Just what is ALS?
Amyotrophic lateral sclerosis (ALS) was first discovered in 1869 by French neurologist Jean-Martin Charcot, but remained relatively unknown until 1939 when Major League Baseball player Lou Gehrig’s loss of form was eventually attributed to the early stages of the disease. The ALS induced ending of the career of one of the most beloved baseball players of all time, raised the level of awareness in the disease that is still most closely associated with his name, particularly in North America. In the UK and other parts of the world it is known as Motor Neurone Disease.
ALS is a progressive neurodegenerative/neuromuscular disease that affects nerve cells in the brain and the spinal cord. Nerve cells are called neurons and they extend from the brain to the spinal cord and from the spinal cord to the muscles throughout the body. Nerve cells that are located in the brain, the brain stem and the spinal cord are called motor neurons, and they act as controlling units and communication links between the nervous system and the voluntary muscles of the body.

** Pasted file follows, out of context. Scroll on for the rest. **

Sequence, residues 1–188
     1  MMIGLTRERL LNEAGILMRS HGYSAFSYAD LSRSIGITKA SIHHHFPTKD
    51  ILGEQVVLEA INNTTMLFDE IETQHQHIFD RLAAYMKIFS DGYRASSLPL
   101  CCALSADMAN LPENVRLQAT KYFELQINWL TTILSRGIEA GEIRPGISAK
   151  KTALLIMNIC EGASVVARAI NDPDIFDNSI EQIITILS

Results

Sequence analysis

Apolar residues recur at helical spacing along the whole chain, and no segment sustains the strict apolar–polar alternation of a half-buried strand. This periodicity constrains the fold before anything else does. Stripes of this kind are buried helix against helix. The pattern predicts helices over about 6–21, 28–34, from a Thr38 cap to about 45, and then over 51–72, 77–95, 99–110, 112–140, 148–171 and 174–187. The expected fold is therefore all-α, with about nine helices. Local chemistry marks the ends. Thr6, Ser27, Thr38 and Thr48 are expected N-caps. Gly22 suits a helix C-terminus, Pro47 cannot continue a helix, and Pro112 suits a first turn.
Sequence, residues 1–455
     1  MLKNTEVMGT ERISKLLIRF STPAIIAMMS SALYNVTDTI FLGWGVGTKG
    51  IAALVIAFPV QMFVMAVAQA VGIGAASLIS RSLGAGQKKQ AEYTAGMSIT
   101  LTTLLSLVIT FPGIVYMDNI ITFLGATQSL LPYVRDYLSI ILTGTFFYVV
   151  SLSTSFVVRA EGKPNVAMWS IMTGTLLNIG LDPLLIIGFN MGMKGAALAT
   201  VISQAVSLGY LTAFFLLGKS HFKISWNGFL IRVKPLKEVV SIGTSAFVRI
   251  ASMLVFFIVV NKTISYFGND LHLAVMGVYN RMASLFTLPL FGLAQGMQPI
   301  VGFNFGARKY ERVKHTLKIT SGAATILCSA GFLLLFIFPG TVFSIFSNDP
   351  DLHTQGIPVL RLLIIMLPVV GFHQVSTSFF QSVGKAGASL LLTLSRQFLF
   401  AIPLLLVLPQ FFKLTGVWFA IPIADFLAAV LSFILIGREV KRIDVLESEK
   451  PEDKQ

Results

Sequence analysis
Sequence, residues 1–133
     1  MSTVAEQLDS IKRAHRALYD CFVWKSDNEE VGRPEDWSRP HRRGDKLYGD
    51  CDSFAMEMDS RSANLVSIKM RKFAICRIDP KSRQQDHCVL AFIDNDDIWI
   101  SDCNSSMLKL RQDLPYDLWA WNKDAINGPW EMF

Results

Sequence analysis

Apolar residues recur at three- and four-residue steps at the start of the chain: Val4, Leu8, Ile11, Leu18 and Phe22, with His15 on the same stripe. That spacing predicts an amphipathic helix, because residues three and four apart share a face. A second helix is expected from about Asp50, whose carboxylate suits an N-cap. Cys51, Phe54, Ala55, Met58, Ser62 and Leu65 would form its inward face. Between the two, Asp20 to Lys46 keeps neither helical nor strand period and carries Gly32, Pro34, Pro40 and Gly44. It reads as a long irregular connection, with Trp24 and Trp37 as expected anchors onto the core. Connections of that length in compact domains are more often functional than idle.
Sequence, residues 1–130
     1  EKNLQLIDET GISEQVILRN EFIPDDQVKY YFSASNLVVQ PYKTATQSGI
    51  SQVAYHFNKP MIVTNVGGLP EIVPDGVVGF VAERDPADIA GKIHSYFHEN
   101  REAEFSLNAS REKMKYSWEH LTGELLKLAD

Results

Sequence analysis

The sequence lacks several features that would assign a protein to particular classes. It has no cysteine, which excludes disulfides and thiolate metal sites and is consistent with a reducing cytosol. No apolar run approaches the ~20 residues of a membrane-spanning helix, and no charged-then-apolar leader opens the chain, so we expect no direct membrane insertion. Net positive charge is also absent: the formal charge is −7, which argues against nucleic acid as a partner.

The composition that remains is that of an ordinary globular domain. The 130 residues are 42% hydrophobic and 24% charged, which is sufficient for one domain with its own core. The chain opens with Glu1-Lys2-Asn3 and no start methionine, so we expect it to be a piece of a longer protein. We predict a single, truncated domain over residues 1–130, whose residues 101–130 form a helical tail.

In ALS, both the upper motor neurons and the lower motor neurons degenerate or die, and stop sending messages to muscles. Unable to function, the muscles gradually weaken, waste away (atrophy), and have very fine twitches (called fasciculations). Eventually, the ability of the brain to start and control voluntary movement is lost. Patients in the later stages of the disease invariably become totally paralyzed, but the brain continues to function otherwise normally.
ALS has at least 21 variants and although it has no known definitive cause, familial ALS (a hereditary form) occurs in 5%–10% of cases. Many hypotheses have been formulated about what causes ALS, including chemical exposures, occupational exposure, military service, infectious agents, nutritional intake, physical activity, and trauma. Worldwide, ALS affects white males aged over 60 years of age more often than any other group.
Neurodegeneration is the umbrella term for the progressive loss of structure or function of neurons including death of neurons. Other neurodegenerative diseases include, Parkinson’s, Alzheimer’s, and Huntington’s and all such diseases are incurable, resulting in progressive degeneration and/or death of neuron cells.
You can find out more about ALS here.
You can find out more about ALS research here